As founders of a new social enterprise called SEED., Mackenzie Syiem and Grace Gehlken, both students at Sullivan Foundation partner school Wofford College, put a lot of thought into everything they do—including the placement of that seemingly incongruous period at the end of their company’s name.
It’s definitely not a typo.
The two young women—Syiem is a freshman and Gehlken a sophomore—are part of the growing menstrual equity movement, aimed at ensuring that girls and women around the world have access to the feminine hygiene products they need without stigma and without giving up their basic human rights. Period.
Syiem, who hails from Shillong, Meghalaya, India, and Gehlken, from Charleston, S.C., partnered up after meeting through Wofford’s Launch program, which supports students in establishing business ventures. Their goal: to create a social-impact business that helps artisans and craftspeople sell their products—such as jewelry, artwork and bags—internationally, with profits going to support the programs and people the founders care about. They also hope to help impoverished communities bootstrap their way to economic success.
Fighting Stigma of Menstruation
As a high schooler, Gehlken developed an interest in sustainable community development and economic empowerment. Syiem, too, was still in high school when she became passionate about menstrual equity after watching the Academy Award-winning documentary, “Period. End of Sentence.” The film explored the stigma surrounding menstruation in India and a group of women who make and sell their own low-cost sanitary pads.
“Watching that really clicked a lot of things in my life together,” Syiem reflected. “It verbalized for the first time this strange and unpleasant experience I had had my whole life of being shamed for a natural body process. Growing up in India, I saw firsthand how negatively menstruation was viewed and how women had to suffer from this shame, all because of a lack of proper education on the subject. This cause is very important to Grace and me because that experience isn’t isolated to India. There is a global problem surrounding menstrual equity that needs to be fixed because no girl deserves to miss school because she doesn’t have the resources or feel ashamed of something that is so incredibly natural.”
As global citizens and travelers, Syiem and Gehlken feel confident they can build connections in developing countries and build the network of suppliers they need for SEED.. “Our partners are both the artisans that we want to procure products from and the organizations and community leaders we want to work with to support social programs in those places,” Syiem said. “We find partners through our travels, research and mutual connections. Honduras and Tanzania are both places that Grace has been to and made connections in. She’s been traveling to Tegucigalpa, Honduras, every year since seventh grade. I have connections in India since that’s where I was born and raised. We’re always excited to travel to new places and find even more communities that we can work with!”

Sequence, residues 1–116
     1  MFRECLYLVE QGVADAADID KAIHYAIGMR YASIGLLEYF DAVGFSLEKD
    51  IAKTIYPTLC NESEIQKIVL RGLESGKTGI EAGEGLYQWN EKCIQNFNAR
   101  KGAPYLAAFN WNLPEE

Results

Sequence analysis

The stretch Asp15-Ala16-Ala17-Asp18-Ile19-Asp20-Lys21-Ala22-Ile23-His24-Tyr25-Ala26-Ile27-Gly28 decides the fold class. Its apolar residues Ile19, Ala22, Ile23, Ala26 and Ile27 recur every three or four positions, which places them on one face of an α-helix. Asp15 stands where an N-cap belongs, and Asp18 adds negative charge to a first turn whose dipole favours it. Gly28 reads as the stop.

“We are very intentional when we choose our partners,” Syiem added. “We want to make sure our partners are dedicated to making true change. Our artisan partners will benefit from the work opportunities, and the organizations we partner with will benefit from our support financially. We will also work to highlight both the artisans and the organizations and make sure our customers know where and how they are making an impact.”
No Instruction Manual
SEED. will initially focus on selling its partners’ products on the company website (sowingempowermente.wixsite.com/website), but Syiem and Gehlken will also look for direct sales opportunities with farmers markets, boutique shops and other retailers. To raise money, SEED. marketed handcrafted “Dare to Dream” earrings created by a Spartanburg, S.C. jeweler—and quickly sold out. They followed up in May with their second product—handcrafted Bloom Bracelets—and donated a portion of the profits to the World Health Organization’s COVID-19 Solidarity Response Fund. They will also hold more fundraisers while applying for grants to support the business.
Meanwhile, Syiem got a confidence boost from attending the Sullivan Foundation’s Fall 2019 Social Entrepreneurship Field Trip to Raleigh, N.C. “I got to meet amazing entrepreneurs who had created powerful social ventures and hear directly from them about their experiences,” she recalled. “That trip inspired me and helped me feel like I could do the same thing that all those amazing founders had done as long as I had the passion and was willing to put in the work.”
“The greatest lesson I got from that trip was to just do it,” Syiem said. “There’s no real instruction manual to starting a business. So much of the experience is figuring out things for yourself and doing what works best for you. There’s always help when you need it, and you should never feel hesitant about reaching out for that help. But you can’t get that help if you don’t start in the first place. So, I’m very grateful for Sullivan and that trip. It empowered me and made me feel like what I had to offer was worth offering.”